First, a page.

Postby meindzai » Wed Feb 10, 2010 5:32 pm

As you can from the above example, this particular "What would Buddha do?" isn't so hypothetical.

The thing you have to keep in mind is that he always responded skillfully to the individual situation. Should such a situation arise again he might respond differently. You can't really answer in the hypothetical becuase every situation and every person is unique.

-M

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RayfieldNeel
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Re: HYPOTHETICAL: The Buddha and a Bully

Postby RayfieldNeel » Wed Feb 10, 2010 9:10 pm

My opinion is...
He responds rather than reacts.
Speaking more about an "awakened person" generally, and less so about the specific Buddha, it occurs to me that he would be mindful of the abuse coming his way, and perhaps even mindful of his mind's attempt to foster anger. It seems to me that there would be no place in his "being" for the anger to get "hooked", and so it would not be possible for him to become involved with it.

That being the case, he would respond in a fashion that is consistent with the dharma; with compassion, empathy, etc. This seems to me to be consistent with Manapa's post.

MayaRefugee
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Re: HYPOTHETICAL: The Buddha and a Bully

Postby MayaRefugee » Thu Feb 11, 2010 1:33 am

Thanks for the replies guys - very helpful.

I've looked around and found some stuff of interest.

http://www.mahindarama.com/e-library/khanti.htm
Khanti literally means patience, endurance or forbearance. It is the endurance of suffering caused by others, or the forbearance of other's wrong.

http://en.wikipedia.org/wiki/Noble_Eightfold_Path#Right_effort
Right Effort

And what, monks, is right effort?
(i) There is the case where a monk generates desire, endeavors, activates persistence, upholds and exerts his intent for the sake of the non-arising of evil, unskillful qualities that have not yet arisen.

(ii) He generates desire, endeavors, activates persistence, upholds and exerts his intent for the sake of the abandonment of evil, unskillful qualities that have arisen.

(iii) He generates desire, endeavors, activates persistence, upholds and exerts his intent for the sake of the arising of skillful qualities that have not yet arisen.

(iv) He generates desire, endeavors, activates persistence, upholds and exerts his intent for the maintenance, non-confusion, increase, plenitude, development, and culmination of skillful qualities that have arisen:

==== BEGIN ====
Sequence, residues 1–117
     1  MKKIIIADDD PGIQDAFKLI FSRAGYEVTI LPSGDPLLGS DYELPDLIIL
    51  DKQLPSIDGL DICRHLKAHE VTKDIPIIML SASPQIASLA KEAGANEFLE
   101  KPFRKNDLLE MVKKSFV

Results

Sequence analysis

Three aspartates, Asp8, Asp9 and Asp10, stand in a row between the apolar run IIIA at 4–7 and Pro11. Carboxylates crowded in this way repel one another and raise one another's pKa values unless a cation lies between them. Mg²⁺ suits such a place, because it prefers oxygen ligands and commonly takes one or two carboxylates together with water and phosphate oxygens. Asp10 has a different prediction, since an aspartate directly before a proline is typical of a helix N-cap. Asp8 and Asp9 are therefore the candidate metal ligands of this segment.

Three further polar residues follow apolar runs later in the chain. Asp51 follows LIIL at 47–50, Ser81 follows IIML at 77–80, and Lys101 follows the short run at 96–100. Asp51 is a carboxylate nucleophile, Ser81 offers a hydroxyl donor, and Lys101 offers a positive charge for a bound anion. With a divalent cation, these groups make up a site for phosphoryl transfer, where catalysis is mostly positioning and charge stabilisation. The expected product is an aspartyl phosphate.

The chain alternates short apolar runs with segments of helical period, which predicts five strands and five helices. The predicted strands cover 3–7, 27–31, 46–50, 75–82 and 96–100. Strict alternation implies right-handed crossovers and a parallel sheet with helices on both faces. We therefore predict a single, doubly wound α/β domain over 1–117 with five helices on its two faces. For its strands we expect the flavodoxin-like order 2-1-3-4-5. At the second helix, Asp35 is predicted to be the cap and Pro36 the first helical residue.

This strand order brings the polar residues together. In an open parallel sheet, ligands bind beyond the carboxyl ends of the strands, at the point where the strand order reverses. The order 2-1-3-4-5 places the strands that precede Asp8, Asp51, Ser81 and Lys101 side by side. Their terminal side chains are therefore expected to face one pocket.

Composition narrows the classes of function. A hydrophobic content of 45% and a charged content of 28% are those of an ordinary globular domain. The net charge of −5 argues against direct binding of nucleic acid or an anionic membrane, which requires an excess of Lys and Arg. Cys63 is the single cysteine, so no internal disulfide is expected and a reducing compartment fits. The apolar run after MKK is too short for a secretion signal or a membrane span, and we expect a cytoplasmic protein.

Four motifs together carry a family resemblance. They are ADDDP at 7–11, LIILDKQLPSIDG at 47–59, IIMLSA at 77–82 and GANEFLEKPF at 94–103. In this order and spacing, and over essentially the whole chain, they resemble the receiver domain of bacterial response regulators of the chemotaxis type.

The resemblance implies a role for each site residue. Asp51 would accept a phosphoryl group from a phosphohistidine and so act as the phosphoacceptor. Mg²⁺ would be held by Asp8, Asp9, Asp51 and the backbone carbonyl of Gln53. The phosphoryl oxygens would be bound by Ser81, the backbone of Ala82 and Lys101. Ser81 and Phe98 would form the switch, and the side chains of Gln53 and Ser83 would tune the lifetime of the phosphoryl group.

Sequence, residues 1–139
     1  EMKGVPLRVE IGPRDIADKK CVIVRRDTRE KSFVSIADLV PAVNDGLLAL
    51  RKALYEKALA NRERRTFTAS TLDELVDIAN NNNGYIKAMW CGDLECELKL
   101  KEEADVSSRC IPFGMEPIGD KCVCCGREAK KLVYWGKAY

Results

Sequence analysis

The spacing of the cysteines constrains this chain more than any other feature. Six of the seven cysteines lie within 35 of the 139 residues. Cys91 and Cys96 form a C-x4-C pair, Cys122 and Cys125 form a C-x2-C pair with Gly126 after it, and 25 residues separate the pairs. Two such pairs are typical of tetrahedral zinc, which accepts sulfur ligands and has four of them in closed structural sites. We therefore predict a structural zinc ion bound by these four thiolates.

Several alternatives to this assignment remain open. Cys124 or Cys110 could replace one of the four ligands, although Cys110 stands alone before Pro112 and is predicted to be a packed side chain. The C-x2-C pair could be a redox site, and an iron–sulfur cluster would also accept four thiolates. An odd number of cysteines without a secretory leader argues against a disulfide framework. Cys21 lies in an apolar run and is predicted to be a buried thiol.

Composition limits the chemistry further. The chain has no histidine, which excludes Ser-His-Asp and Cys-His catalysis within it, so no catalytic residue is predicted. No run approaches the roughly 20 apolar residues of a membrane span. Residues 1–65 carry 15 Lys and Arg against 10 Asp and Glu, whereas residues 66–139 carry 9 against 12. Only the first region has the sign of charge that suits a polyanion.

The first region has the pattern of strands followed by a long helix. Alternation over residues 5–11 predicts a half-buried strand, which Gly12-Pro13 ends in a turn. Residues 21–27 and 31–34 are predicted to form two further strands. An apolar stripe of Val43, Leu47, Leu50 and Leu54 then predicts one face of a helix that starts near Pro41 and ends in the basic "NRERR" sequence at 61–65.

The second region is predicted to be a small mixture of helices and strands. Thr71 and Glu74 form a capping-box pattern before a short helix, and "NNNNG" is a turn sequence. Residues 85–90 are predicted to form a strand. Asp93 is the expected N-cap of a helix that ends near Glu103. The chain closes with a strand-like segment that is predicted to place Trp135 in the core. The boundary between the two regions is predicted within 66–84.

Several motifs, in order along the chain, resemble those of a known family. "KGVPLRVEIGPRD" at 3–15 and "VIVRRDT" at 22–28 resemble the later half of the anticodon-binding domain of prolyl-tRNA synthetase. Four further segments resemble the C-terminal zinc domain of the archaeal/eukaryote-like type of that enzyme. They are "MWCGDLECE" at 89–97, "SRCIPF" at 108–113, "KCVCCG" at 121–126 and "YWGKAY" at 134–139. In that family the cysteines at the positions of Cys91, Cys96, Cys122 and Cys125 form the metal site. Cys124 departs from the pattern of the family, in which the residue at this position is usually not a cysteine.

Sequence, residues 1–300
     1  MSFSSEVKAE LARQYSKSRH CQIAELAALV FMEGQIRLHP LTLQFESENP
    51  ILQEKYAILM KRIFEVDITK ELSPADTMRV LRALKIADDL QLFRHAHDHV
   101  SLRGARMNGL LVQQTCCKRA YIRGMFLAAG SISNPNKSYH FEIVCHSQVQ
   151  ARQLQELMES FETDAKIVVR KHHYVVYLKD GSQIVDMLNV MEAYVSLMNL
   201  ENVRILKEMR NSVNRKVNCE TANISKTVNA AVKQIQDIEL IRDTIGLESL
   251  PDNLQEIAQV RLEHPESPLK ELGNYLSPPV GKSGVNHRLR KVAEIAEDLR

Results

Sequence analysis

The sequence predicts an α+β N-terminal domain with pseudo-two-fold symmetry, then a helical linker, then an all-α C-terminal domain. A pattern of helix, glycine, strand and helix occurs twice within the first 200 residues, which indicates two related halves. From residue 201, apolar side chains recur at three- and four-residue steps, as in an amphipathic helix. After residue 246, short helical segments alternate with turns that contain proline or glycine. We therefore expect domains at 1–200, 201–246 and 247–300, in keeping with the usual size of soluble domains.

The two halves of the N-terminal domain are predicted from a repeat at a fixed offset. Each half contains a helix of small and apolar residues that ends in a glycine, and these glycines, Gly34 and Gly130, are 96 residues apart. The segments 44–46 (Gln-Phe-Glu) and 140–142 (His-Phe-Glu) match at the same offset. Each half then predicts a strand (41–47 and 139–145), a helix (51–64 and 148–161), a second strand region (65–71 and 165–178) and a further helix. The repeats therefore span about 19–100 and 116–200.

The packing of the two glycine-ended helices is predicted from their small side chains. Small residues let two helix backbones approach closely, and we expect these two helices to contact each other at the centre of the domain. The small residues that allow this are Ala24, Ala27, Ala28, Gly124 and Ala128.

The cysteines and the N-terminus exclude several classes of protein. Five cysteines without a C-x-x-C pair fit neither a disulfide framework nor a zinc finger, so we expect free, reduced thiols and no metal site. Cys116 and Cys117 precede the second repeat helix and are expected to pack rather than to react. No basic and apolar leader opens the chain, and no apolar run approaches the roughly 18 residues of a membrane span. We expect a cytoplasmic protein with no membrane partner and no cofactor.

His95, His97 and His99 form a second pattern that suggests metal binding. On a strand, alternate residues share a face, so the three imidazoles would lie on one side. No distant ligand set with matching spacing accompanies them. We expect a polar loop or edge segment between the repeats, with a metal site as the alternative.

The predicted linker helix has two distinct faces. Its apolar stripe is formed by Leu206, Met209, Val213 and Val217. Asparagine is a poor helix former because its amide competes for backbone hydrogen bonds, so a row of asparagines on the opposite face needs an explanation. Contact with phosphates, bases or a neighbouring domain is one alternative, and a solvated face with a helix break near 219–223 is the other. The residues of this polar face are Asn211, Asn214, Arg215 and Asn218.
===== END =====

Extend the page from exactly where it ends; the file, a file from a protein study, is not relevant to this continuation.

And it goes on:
This, monks, is called right effort.

dspiewak
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Re: HYPOTHETICAL: The Buddha and a Bully

Postby dspiewak » Thu Feb 25, 2010 6:27 pm

I have always loved the Akkoso Sutta, and I guess I had never thought of it side by side with samma vayama. Good thread.

locusphor
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Re: HYPOTHETICAL: The Buddha and a Bully

Postby locusphor » Thu Feb 25, 2010 6:51 pm

The Buddha is happy for the bully. The Buddha knows that the bully's life is unsatisfactory and his actions bring no fulfillment. The Buddha also knows that many of his own devoted followers came to him as a result of a life filled with unsatisfactory deeds. That is why the Buddha is very happy for the bully when he is abusing those around him. When the Buddha is taunted and mocked, he does not try to soften the blows. The Buddha is right there in the middle of the abuse. The Buddha knows that with each step the bully takes away from the path of morality another rope is tied around his feet. Eventually it will be too much for the bully, and the path to ethical behavior will be abundantly clear for him. I personally believe that there's more to motivation than just pleasure/pain since there are many types of people. However this is the basic mechanism of the bully scenario - pleasure and pain.